Aliyah – Part 2

It’s almost a week after my 34th birthday here in Beér Sheva.

I have an apartment.

I have a bed.

I have friends.

I have family.

I have the start of a life here – I have the start of a dream.

The day I left for Israel was the day of a funeral of a friend – an accomplished and respected nurse, a devoted daughter, a loyal friend. She had committed suicide.

A few weeks ago, I heard news of a friend who lost his son to suicide – he was 24.

Suicide is not uncommon in my life. I have lost loved ones to a realm of depression, drugs, identity crises, and have even questioned my own existence. I look at the reasons I came to Israel, reflecting on my own struggles and what I believe – I know that I came to Israel in search of something more. More than me.

Religious faith is very personal and subjective. I am not religious and I do not believe in the existence of a god. I am a traditionalist in the sense that I believe in the history of a people and I respect the ideological background in which I have grown. In a philosophical sense, my religious identity has formed my views on life and it cannot be otherwise. Jewish struggles have been my struggles, the celebrations have been my celebrations. It is a shared history with many Jewish views on life.

Nearly two weeks ago, I had the pleasure of meeting a family of “Kibbutznikim” who have taken me under their wing. I was quite honoured to be “adopted” by members of one of the most well-established Kibbutzim in the region! One evening we touched on similar topics of conversation – philosophy, religion, family, identity, sense of purpose, the differences in growing up in the Diaspora and in Israel. I can’t help but feel the sense of community here, the ties that bind – memories of war, knowing that children one day have to join the Israeli Defence Force, knowing that friends may die, knowing friends have died, knowing of strangers who have died.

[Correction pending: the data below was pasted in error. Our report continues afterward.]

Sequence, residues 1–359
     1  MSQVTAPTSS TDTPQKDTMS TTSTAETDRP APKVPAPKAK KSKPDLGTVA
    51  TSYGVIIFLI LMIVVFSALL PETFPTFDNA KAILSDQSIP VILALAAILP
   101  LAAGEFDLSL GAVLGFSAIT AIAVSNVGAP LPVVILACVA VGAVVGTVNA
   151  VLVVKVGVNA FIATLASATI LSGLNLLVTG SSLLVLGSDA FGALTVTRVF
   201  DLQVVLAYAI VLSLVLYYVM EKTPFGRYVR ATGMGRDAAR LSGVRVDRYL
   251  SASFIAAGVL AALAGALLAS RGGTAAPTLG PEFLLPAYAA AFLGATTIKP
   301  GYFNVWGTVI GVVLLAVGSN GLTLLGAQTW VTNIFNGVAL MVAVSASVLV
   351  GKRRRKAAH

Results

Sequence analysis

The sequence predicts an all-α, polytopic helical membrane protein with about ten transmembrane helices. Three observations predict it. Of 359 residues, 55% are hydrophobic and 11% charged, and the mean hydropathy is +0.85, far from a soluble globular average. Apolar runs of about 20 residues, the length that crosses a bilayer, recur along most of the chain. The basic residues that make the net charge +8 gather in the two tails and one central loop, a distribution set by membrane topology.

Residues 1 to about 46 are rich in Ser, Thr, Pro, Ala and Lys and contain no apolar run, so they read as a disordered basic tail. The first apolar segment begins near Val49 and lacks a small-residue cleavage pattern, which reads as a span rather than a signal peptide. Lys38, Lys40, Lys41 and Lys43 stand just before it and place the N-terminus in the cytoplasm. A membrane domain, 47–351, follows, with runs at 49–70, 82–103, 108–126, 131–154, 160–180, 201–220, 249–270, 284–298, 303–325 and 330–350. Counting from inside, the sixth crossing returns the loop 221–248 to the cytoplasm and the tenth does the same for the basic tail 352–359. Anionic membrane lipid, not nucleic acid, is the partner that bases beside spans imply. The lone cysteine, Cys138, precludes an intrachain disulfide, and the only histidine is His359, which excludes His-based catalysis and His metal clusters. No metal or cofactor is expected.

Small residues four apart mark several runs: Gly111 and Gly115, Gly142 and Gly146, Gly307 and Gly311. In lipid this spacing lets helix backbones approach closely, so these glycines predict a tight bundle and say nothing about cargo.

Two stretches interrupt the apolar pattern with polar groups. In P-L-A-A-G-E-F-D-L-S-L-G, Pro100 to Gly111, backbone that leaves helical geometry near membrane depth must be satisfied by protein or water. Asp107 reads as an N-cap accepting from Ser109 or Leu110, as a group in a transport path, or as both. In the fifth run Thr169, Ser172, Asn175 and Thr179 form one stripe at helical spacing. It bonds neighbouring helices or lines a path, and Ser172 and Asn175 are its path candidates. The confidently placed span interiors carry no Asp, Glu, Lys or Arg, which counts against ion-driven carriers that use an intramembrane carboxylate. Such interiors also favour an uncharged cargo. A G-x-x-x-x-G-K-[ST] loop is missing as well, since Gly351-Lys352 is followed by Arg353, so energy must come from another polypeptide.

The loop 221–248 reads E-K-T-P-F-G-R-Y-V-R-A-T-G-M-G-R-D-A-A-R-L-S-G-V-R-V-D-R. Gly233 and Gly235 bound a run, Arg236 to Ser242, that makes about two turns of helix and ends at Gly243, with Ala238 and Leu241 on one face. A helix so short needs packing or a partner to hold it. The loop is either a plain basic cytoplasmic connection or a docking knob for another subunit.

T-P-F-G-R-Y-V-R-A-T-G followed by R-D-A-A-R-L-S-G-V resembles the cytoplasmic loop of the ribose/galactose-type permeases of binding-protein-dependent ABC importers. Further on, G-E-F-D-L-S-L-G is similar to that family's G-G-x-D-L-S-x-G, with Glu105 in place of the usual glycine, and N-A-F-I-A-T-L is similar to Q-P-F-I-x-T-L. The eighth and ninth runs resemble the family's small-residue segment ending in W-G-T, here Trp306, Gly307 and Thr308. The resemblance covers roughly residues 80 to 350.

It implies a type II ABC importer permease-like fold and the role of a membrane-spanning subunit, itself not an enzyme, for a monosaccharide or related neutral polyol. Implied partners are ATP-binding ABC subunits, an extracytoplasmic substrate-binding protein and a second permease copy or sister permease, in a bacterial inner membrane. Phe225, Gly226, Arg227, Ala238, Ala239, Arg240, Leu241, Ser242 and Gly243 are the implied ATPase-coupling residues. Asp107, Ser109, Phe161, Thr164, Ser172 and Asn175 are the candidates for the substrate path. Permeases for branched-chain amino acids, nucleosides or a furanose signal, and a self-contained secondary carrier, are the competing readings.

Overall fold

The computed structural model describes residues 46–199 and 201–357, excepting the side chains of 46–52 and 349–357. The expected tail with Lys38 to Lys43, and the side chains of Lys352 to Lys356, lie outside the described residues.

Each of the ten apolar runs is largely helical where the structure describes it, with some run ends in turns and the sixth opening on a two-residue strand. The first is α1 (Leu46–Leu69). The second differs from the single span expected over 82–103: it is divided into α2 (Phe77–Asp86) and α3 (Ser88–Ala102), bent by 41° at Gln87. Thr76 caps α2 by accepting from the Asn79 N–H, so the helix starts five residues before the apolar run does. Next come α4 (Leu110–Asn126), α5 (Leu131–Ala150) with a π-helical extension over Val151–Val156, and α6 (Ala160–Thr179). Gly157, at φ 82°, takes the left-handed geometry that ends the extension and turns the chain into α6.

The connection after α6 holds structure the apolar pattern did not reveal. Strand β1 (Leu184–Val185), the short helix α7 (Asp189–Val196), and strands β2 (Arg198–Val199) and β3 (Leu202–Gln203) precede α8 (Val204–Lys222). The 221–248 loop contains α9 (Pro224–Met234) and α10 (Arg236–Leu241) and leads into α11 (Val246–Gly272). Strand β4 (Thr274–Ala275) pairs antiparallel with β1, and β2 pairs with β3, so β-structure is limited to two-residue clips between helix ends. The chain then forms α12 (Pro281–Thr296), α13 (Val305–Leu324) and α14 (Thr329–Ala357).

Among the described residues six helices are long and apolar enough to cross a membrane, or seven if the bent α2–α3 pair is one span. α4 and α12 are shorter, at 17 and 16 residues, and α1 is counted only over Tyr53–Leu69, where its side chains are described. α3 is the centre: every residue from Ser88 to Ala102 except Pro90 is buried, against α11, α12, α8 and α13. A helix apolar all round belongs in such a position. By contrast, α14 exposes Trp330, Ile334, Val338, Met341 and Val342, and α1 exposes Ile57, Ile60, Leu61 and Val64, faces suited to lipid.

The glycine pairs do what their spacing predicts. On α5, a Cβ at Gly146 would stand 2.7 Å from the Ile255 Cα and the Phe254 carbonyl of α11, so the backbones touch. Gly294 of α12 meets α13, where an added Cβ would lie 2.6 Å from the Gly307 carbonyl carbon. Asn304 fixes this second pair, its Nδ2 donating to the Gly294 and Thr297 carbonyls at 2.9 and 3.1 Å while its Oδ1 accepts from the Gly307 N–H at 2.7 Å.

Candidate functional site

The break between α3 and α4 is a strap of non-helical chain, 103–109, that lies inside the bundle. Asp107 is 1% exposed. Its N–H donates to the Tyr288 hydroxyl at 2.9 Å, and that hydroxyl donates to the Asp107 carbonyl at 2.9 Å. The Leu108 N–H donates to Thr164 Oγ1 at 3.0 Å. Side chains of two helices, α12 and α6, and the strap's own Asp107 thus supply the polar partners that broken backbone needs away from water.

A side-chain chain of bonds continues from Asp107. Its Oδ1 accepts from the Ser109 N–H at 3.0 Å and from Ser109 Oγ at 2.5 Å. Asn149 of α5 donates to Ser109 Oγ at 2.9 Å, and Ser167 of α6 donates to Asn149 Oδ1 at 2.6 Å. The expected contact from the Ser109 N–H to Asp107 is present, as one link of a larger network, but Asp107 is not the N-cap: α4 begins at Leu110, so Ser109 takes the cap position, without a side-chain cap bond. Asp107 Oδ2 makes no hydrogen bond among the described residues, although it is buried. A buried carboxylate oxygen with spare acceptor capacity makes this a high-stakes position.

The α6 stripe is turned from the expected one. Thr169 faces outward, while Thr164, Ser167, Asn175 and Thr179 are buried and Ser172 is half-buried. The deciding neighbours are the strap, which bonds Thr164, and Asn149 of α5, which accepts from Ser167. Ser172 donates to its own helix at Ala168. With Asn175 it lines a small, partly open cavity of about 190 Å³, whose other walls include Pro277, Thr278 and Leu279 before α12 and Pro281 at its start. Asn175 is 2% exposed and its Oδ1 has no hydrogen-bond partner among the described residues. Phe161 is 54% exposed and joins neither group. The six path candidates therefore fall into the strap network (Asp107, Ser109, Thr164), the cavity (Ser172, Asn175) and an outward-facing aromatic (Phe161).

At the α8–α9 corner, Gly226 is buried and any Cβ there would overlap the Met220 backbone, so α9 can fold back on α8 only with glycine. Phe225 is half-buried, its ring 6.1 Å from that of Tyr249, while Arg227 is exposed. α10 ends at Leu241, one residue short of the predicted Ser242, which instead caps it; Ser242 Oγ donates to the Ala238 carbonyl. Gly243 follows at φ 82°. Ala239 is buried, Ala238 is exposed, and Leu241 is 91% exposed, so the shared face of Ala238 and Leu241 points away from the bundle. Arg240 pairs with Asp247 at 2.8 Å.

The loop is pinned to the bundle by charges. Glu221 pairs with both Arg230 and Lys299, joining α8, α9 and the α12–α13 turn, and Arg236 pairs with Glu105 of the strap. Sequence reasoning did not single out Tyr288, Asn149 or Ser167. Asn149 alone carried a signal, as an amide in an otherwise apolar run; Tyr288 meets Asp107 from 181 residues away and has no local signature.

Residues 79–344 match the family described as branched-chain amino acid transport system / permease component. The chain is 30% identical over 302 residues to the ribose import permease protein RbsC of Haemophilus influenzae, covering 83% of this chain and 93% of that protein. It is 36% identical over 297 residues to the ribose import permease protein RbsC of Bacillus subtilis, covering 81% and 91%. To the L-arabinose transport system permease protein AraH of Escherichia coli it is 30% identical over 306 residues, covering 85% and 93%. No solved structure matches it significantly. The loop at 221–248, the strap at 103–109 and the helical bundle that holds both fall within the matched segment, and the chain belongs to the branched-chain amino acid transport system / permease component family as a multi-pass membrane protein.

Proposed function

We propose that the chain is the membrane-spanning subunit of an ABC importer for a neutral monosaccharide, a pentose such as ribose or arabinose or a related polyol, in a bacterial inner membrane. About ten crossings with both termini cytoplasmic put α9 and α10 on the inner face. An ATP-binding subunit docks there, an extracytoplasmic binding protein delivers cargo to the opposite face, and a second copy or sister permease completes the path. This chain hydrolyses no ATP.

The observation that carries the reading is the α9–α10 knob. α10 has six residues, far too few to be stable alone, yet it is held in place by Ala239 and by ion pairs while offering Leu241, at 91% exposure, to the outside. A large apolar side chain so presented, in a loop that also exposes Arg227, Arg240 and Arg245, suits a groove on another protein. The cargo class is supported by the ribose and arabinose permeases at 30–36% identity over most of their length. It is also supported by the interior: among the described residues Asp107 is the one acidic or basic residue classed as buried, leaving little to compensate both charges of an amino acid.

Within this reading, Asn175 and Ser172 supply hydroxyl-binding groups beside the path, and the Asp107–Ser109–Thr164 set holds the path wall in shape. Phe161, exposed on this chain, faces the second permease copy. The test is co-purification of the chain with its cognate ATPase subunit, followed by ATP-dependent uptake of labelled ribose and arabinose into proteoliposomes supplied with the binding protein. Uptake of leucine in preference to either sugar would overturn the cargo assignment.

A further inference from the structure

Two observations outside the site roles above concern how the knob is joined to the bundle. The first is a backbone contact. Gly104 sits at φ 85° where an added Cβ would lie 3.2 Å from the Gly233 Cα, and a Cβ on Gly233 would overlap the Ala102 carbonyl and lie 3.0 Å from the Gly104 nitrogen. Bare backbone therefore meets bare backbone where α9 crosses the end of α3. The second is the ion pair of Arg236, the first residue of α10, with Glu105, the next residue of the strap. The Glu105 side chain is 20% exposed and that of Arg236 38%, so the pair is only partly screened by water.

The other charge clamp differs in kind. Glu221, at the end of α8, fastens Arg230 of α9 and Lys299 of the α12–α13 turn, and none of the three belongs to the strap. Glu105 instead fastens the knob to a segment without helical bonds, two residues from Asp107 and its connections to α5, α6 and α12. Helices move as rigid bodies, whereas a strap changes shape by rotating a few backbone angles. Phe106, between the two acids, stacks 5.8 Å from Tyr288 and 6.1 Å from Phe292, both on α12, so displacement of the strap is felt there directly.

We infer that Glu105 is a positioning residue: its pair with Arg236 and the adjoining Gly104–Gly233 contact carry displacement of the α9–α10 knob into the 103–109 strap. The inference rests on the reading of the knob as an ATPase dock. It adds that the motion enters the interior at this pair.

I am in no way romanticising the community nor am I naïve to the harsh realities of the country such as the competitiveness of the job market, the stress of money, life pressures, the oft abruptness of the people. If anything, I am more aware of this. I did not come here because I was bored, or needed a challenge – a quick reflection on my life would show a history of challenges and giving back to the community, but what has it all come back to? Sense of identity. Sense of self. Sense of belonging. What do you belong to? Where do you belong? What is your purpose?

So, what is it that can be said about human solidarity and spirituality? Let us come back to my friends here as examples of whom I have had to rely, people I have just met who have taken me into their homes, fed me, driven me around, given me furniture, done my laundry! Where did this sense of community come from? I have always stated that my faith is not in the spirit of the universe or the movement of the trees, I place my faith in people, in humanity, in “mitzvot”, in doing the right thing.

It is days before Purim one of the most joyous festivals of the Jewish calendar with the biggest parties. We recount the story of Queen Esther and her courage to show her true identity to the King of Persia in order to save her people from extermination, risking her own life to do so. If we use these biblical stories as allegories for own lives and the challenges we face day today, what can be said of our own courage and leadership? Well today, I gave food to a cleaner who works daily in my building, I gave a compliment and made someone feel good about themselves, I practiced Hebrew at my first Ulpan class. And when asked as to why I came to Israel and me having so many reasons, above all, I answered “I am Jewish”. And that was reason enough.

About the Author
Schooled in four different continents and experienced multiple Jewish communities. Hava has an interest in politics and identity.
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